How to Get Rid of the Electoral College Without Abolishing it

The Electoral College (EC) is a lot like the weather in that, as Charles Dudley Warner said, everybody complains about it, but nobody does anything about it. For once, it seems that people are doing something, but not in the conventional manner.

In national surveys, Republicans, Democrats and independents have expressed overwhelming support for getting rid of the EC. The conversation typically ends when people consider how difficult it would be to pass a Constitutional Amendment to abolish the EC. As I have recently discovered, however, no such Amendment is required and the EC can still exist under a system that adheres to the popular vote.

Article 2, Section 1, Claus 2 of the US Constitution gives states the power to decide how to apportion their EC votes. This clause contains the seeds for the EC’s demise – and it would be achieved through an interstate compact. Jigga what?

An interstate compact is essentially an arrangement made between two or more states to work together on a particular issue. The best example of this is the Port Authority of New York and New Jersey, which operates most of the NYC metropolitan area’s airports and seaports, and important transportation infrastructure and real estate (like the World Trade Center site).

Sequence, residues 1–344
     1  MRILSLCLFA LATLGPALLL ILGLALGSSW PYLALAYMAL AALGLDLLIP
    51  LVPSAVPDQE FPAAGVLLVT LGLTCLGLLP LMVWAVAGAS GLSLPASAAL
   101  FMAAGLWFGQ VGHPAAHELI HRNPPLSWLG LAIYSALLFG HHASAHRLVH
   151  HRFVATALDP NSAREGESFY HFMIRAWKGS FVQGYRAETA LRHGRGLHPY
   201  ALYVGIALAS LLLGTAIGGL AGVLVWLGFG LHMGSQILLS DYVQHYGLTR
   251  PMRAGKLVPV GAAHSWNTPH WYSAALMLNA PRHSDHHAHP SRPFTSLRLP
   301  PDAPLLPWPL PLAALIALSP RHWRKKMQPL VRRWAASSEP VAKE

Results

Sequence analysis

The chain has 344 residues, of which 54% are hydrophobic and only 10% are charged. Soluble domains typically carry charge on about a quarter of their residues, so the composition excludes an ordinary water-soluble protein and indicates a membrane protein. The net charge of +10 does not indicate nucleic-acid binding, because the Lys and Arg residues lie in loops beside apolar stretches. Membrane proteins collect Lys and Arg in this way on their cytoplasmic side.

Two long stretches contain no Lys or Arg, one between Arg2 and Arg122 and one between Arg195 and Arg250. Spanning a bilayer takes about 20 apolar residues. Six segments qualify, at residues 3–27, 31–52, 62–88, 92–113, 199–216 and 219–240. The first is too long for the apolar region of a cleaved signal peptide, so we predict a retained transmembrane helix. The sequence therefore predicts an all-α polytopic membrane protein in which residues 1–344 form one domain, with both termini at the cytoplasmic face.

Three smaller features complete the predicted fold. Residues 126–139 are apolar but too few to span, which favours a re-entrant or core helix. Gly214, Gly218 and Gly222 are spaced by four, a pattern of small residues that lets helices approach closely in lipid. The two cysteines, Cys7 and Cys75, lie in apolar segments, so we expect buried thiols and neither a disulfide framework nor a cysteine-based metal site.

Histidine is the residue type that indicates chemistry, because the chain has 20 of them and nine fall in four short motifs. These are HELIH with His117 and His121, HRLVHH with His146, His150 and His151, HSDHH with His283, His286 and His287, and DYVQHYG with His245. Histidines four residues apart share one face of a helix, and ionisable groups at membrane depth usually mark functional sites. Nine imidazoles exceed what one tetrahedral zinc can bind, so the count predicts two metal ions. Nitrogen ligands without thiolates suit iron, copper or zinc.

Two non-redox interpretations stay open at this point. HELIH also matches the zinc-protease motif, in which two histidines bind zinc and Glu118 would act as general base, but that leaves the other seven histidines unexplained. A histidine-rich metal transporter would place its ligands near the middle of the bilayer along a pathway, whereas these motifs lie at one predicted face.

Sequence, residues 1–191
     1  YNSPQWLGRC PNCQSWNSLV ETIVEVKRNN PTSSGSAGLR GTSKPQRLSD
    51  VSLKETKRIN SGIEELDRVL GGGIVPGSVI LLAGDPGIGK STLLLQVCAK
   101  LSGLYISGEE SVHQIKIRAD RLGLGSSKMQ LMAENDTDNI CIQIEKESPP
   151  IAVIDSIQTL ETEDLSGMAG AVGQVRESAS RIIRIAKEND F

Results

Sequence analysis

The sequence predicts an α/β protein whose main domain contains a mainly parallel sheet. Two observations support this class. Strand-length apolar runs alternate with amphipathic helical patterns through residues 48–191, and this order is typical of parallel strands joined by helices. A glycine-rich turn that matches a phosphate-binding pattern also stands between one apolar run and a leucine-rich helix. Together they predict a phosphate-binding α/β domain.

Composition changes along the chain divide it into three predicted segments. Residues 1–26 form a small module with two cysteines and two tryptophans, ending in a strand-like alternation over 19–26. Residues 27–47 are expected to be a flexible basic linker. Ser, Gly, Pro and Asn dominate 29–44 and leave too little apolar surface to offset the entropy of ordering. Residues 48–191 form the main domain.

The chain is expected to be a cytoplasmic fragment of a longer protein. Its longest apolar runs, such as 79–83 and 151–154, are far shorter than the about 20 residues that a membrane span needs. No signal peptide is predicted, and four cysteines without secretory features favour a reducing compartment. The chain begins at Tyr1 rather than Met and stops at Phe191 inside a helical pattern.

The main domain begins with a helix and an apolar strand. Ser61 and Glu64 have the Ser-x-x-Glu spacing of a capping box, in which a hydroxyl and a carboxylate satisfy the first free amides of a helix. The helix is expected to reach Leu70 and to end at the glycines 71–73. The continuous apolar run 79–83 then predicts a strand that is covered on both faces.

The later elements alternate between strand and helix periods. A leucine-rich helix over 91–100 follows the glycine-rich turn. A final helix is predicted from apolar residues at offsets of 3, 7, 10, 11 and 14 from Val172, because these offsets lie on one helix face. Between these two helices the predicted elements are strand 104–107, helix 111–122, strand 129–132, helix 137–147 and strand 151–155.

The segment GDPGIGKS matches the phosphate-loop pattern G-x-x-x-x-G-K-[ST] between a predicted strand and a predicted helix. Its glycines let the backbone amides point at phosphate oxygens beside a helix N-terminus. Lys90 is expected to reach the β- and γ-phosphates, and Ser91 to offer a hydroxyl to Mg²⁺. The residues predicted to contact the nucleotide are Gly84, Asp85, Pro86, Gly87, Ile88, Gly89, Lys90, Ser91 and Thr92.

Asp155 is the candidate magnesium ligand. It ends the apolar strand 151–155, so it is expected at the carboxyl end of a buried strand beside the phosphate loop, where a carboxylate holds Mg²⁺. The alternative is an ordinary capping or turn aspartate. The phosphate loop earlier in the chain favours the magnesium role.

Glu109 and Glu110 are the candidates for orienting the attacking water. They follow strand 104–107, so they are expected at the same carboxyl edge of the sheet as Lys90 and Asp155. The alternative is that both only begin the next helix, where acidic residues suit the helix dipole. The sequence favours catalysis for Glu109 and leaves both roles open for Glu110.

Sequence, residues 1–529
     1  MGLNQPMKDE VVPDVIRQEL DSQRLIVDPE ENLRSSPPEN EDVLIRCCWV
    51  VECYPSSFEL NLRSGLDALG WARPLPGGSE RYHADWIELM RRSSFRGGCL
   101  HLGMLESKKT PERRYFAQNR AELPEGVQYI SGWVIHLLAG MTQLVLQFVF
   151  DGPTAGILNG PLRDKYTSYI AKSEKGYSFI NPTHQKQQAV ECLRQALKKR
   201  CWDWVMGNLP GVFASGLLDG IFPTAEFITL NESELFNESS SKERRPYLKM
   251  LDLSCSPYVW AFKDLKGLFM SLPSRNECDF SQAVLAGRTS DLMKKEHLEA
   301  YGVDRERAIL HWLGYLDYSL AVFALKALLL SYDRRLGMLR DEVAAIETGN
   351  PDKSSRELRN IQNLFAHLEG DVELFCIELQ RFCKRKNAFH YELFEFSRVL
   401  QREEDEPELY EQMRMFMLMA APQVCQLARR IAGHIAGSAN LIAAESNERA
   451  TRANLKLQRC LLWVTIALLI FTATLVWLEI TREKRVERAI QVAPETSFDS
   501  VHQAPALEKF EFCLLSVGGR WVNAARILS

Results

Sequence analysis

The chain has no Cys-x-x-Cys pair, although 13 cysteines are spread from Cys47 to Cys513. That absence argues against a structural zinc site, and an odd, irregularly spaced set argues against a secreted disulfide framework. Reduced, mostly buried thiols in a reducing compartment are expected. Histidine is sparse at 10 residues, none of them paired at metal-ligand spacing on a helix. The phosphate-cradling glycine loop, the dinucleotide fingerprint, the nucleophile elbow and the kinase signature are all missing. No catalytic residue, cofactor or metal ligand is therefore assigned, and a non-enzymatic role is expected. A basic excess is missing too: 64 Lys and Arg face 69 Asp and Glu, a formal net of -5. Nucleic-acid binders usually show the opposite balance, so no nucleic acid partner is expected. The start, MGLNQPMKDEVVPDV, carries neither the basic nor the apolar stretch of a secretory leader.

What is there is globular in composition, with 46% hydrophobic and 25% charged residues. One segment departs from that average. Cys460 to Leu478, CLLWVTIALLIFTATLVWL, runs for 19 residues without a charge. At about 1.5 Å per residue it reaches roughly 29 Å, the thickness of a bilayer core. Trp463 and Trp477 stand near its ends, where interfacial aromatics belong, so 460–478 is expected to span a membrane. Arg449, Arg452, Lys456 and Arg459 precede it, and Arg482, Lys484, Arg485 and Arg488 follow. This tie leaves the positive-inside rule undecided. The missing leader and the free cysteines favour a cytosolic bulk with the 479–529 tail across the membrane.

Starting in 2007, states began using their Constitutional rights to subvert the EC by ratifying what has come to be known as the National Popular Vote Interstate Compact (NPVIC). States that implement the NPVIC agree to give all of their electoral votes to the candidate who wins the national popular vote, regardless of the winner in their own state.

This means that as soon as the NPVIC has as many states as is required to achieve an EC majority (currently 270 votes), the rest of states do not matter. You do not need to convince every state sign on to the NPVIC – only enough to get a majority in the EC. The EC can continue to exist, but it would only function as a formality in the electoral process.

The NPVIC is already law in eight states and Washington D.C. – that’s 132 electoral votes, or 49% of the target of 270. The NPVIC would only come into full effect once this target is achieved – until then, the winner take all system will persist.

Considering that the NPVIC started only six years ago, it’s not unreasonable to think that eventually (much sooner than a Constitutional Amendment at least), enough states would sign on to support the winner of the national popular vote.

The states that have signed on to the NPVIC are overwhelmingly blue. But I don’t rule out the possibility of red state support in the future. The best bet for that would be if Romney wins the popular vote, but Obama wins the Electoral College. If the polls from the last few weeks are any indication, such an outcome is very likely.

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